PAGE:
housebound adjective unable to leave one’s house, typically due to illness or old age.

agoraphobia noun extreme or irrational fear of crowded spaces or enclosed public places.

Being housebound is not a vacation.  Even I, someone who has struggled with agoraphobia at different times in her life, have thought about others “must be nice to be able to sit home all the time”.  But it’s really not as simple as that.

There’s a big difference between choosing to leave the house and being unable to leave the house.  The fear in agoraphobia can have many sources, and I don’t pretend to know about any of them but the ones I experience.

The main symptom is just an impending sense of doom when even considering leaving the house – for any reason.  That’s right, even walking out (and sometimes even opening) the front door.  The doom is heavy, cloying and suffocating. It is grey.  Thick.  As though you can actually walk through it.  I am walking through it, most of the day.

And then there’s what happens with my mind chatter.  It’s incessant.  The thought of leaving brings up many messages – most of them questions.  All of the questions (once I actually think about it) start with “what if?”, but quite honestly, the thoughts are less full sentences than scattered words:

  • it’s [warm/cold/sunny/rainy] (aside: in other words: there is a reason no matter how “good” or “bad” the weather is, for not wanting to be in it.)
  • I could fall [slip]
  • someone could see me
  • the sun is bright
  • there’s [snow/mud/puddles]
  • the car might not start
  • the car might start
  • getting in and out of the car is such a chore (aside: chronic pain issues)
  • what if I forget my sunglasses?
  • I can’t talk to people
  • if anyone found out I left they would expect me to leave again
  • if anyone found out I left they would want me to [go out with/visit] them
  • the traffic
  • people are in such a rush
  • the sounds [does no one *hear* that? I can hear it and I’m not even in it, just thinking about it]
  • I’m so tired
  • It will make me tired
  • I will have to recuperate
  • I could end up in bed for days (aside: this would be a setback for those times I’m actually maintaining some sort of schedule and getting out of bed most days)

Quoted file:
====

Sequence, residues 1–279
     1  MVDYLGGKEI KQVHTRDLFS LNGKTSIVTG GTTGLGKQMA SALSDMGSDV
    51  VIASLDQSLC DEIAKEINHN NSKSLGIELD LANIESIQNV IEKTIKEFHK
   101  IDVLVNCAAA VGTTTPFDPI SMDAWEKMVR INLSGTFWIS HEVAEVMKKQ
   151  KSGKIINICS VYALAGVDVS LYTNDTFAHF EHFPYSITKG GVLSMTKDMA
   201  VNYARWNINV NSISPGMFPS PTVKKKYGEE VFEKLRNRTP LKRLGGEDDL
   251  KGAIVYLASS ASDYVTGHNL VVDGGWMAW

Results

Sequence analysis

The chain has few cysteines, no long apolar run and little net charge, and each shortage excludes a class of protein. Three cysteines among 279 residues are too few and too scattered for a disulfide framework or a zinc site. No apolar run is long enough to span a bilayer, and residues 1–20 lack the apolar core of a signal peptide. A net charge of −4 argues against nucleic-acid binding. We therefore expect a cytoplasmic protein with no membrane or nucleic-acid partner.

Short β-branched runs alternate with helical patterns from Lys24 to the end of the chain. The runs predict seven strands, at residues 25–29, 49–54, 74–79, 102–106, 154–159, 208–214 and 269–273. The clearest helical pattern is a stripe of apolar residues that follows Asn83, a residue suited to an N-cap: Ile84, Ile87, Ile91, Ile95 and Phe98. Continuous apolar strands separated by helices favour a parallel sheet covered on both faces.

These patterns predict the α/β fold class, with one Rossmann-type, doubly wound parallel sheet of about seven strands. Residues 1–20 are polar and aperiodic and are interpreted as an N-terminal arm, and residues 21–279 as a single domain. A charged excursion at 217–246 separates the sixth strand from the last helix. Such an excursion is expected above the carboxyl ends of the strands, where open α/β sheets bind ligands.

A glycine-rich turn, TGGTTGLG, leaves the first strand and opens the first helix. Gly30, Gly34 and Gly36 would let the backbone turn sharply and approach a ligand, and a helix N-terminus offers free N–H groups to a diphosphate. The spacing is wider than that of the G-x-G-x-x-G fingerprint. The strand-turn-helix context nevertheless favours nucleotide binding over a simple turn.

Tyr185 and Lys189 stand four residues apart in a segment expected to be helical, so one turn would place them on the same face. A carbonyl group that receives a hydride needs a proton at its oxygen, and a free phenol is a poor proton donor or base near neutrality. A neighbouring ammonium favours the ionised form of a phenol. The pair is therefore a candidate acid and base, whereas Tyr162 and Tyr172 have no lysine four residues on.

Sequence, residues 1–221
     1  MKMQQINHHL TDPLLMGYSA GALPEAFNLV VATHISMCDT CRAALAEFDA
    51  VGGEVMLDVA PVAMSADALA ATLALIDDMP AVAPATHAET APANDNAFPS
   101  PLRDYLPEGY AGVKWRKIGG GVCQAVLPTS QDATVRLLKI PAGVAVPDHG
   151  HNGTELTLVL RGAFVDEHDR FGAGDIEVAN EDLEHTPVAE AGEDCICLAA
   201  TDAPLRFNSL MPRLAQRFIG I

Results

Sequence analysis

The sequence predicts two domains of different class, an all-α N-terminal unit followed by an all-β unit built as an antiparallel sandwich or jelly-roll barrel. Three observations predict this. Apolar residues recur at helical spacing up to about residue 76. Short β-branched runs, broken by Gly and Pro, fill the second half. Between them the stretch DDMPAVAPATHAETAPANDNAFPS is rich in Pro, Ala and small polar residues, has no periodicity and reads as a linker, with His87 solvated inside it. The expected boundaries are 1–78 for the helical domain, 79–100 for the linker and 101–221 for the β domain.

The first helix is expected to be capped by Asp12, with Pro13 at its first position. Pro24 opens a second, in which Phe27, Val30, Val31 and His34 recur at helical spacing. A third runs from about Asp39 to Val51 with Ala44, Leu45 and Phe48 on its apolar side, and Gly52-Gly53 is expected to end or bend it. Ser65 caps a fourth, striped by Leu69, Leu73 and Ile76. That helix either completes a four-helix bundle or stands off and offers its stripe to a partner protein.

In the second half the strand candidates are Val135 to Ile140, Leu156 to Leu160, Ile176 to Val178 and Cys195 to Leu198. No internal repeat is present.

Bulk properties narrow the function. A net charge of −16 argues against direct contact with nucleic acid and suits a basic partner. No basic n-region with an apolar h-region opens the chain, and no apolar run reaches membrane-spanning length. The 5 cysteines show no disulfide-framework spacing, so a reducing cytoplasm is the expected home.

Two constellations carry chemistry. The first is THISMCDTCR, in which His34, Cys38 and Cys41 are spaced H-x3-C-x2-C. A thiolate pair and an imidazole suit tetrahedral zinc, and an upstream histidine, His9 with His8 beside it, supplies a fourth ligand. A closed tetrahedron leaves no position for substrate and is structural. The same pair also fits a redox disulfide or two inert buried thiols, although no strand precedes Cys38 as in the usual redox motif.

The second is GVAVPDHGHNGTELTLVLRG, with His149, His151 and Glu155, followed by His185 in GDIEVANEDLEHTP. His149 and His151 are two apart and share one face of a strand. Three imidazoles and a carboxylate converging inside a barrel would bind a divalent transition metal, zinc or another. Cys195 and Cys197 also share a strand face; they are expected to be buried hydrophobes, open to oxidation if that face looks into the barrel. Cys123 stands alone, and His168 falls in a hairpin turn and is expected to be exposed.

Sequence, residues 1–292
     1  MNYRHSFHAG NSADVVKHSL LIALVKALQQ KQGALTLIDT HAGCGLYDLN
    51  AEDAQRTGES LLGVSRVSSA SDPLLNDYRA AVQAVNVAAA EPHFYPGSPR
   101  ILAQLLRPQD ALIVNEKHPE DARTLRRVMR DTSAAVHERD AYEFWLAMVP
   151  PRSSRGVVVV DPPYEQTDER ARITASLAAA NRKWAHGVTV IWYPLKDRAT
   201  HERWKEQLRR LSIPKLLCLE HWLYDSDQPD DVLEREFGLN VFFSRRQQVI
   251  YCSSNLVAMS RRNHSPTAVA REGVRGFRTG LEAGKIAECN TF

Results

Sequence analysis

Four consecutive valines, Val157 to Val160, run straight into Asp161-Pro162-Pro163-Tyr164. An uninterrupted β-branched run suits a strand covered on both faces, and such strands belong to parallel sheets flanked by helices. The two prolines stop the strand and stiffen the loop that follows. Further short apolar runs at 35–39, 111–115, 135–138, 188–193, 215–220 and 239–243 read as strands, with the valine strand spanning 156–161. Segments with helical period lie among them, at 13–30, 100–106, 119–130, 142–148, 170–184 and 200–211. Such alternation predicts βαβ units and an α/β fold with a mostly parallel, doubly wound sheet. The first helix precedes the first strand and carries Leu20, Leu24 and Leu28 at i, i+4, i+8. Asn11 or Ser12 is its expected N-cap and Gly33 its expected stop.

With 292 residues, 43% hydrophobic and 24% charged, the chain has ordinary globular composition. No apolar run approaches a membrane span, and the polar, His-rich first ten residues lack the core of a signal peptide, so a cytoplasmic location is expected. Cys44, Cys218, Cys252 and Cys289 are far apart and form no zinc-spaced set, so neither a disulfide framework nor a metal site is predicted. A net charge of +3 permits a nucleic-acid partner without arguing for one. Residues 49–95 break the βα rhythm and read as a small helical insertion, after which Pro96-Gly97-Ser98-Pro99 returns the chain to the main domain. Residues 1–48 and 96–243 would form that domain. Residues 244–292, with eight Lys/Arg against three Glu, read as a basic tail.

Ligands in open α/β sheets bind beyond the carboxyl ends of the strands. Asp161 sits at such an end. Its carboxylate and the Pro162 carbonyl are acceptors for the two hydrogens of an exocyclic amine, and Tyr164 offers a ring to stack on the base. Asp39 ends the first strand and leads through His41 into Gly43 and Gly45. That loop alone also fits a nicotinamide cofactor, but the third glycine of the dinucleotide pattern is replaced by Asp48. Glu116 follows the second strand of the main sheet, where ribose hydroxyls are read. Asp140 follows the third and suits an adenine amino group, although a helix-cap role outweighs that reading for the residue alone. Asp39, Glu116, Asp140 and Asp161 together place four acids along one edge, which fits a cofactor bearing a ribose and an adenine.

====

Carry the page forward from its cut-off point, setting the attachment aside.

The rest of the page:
• what if the house [burns down/falls apart/is hit by a tornado] (aside: there is an added layer to this because of pets left behind)

This list is not even close to all the thoughts that enter my head.  In fact, they don’t even address the thoughts about the actual REASON for leaving (a drive, an appointment, visiting someone, going to the grocery store, picking up milk – whatever!)

in fact, it might be interesting, in another blog post, to just have a running list of the thoughts in my head – what do you think?

I am told, by doctors, therapists, friends, family (and all the other people who don’t experience anxiety) that they have these thoughts, too.  The only difference is – those thoughts for those people are mostly subconscious and fleeting.  For someone with anxiety, the thoughts are conscious, loud, in the forefront of the mind and encompassing.  And, also – they are incredibly tiring.

It’s not just the thoughts – it’s also the visualizations, some of which are flashes of memory and others are imaginings.  In my head I am actually experiencing a “what if” movie reel.  These mini-movies play themselves out, as if I’m actually living them and reacting to them.

Additionally, with so many of us who experience anxiety, we also have the double whammy of a depressive disorder having its own set of symptoms which contribute to agoraphobia:  low mood, low energy, lack of interest, negative thinking, rumination, emotional affectation (can be expressed as numbness, sadness or irritability).  Therefore, if I can actually get past the depression affecting my desire to do anything, I am then assailed by the heightened emotion & visualizations of anxiety.  Yes, it does feel like a battle or attack on my senses – and if you look at the science behind anxiety, you’ll see it is actually an attack on the brain.

Recommended reading:

What anxiety does to your brain and what you can do about it Dr. Mercola

Brain abnormalities associated with anxiety disorders McGill University

Anxiety and the human brain Medical Daily


originally written Feb 11, 2017